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UN extends NATO-led Afghan force role beyond Kabul
( 2003-10-14 09:28) (Agencies)

The Security Council on Monday authorized the NATO-led peacekeeping force in Afghanistan to send troops anywhere in the country rather than keep them confined to the capital, Kabul, and its environs.

A resolution approved unanimously by the 15-nation council expanded the scope of the International Security Assistance Force, or ISAF, mission so it could provide security across the central Asian nation, a change long sought by Afghan President Hamid Karzai and the United Nations.

But the measure, which also renews the ISAF's U.N. mandate for another year, is likely to have little immediate impact as few countries are willing to commit troops at this time.

"This resolution helps pave the way for the increased security in Afghanistan on which everything else is dependent," said U.S. Ambassador John Negroponte, the Security Council president for October.

While Washington was initially cool to the idea, it changed its mind after NATO took the ISAF command on Aug. 11, he said.

The first new troops in rural Afghanistan are expected to come from Germany, which has said it wants to send up to 450 soldiers to the northern district of Kunduz to form a Provincial Reconstruction Team, a group of aid workers under military protection.

Germany agreed to do so only if its soldiers were a part of the NATO mission and not the U.S. force in Afghanistan of some 12,500 soldiers that is trying to track down al Qaeda and Taliban militants in the south.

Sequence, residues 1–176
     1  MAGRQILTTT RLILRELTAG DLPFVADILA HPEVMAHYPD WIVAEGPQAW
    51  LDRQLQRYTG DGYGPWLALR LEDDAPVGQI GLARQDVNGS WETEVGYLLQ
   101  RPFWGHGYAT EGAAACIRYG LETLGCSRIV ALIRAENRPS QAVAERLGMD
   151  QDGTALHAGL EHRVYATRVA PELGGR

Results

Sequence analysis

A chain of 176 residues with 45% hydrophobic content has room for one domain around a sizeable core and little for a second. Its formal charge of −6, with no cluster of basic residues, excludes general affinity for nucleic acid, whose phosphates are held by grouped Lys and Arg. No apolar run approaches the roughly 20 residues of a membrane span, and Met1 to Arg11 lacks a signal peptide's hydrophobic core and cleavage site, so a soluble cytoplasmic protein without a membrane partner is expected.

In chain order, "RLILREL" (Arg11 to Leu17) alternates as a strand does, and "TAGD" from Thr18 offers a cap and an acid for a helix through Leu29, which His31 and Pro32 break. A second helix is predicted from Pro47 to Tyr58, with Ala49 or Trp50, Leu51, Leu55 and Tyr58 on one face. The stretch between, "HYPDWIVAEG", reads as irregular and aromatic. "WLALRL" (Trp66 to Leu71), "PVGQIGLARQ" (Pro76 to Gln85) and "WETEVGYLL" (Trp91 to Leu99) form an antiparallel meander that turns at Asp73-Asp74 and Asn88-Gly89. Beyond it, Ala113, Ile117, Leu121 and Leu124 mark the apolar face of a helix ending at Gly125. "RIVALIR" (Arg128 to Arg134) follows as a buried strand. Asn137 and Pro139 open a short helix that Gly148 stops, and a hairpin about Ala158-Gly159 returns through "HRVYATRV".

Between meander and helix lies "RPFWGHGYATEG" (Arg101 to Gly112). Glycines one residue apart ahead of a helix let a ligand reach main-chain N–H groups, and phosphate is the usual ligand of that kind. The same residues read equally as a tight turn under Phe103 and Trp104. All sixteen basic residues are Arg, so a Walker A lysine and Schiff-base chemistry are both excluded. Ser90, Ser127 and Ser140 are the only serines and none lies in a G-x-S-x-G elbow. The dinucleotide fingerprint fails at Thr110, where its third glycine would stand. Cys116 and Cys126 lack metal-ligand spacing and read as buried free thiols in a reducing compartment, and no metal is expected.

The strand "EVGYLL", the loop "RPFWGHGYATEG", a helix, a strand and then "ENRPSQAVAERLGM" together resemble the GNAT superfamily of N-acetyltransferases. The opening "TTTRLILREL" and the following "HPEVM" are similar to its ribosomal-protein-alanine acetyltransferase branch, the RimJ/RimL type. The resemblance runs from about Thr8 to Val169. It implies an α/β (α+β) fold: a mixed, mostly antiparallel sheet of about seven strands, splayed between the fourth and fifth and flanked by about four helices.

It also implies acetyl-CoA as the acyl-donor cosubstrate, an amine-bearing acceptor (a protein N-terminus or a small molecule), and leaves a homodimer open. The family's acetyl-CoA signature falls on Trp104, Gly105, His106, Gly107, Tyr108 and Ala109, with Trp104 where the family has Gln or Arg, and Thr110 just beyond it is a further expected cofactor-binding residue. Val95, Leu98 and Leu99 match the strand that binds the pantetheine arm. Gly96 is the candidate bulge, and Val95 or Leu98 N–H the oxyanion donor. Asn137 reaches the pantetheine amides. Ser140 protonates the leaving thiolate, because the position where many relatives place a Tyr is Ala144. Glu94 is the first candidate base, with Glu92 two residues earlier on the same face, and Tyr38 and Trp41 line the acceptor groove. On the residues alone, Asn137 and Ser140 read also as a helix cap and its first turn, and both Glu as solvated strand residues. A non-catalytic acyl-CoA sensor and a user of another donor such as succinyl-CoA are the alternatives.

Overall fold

The U.S. forces are those that remain in the country nearly two years after the United States invaded Afghanistan to topple its Taliban rulers after the Sept. 11, 2001, hijack attacks.

Washington blamed Osama bin Laden and his al Qaeda network for the attacks and accused the Taliban of providing them with a safe haven.

But the Taliban has stepped up its military activity in recent months. More than 300 people, including aid workers, U.S. soldiers and many Taliban guerrillas, have been killed in violence across the country since early August.

Relief groups and U.N. staffers, in particular, have raised alarms over what they see as a trend of rising armed attacks on humanitarian workers in the Afghan provinces, which are largely under the control of a patchwork of feuding warlords.

Council members initially hesitant to send the multinational peacekeeping force into the provinces have now changed their minds, in hopes improved security would help Karzai's shaky Afghan Transitional Administration expand its authority across the country.

NATO agreed in principle last week to take the force beyond the capital. NATO Secretary-General George Robertson then wrote to U.N. Secretary-General Kofi Annan to request a wider Security Council mandate for the 5,500-strong ISAF.

But Robertson said that taking the peacekeeping operation into the provinces would have to wait until NATO members, many of them militarily overstretched, offered the needed troops.

NATO military planners last month proposed various options for expanding the peacekeeping mission, suggesting additional forces of between 2,000 and 10,000 would be needed.

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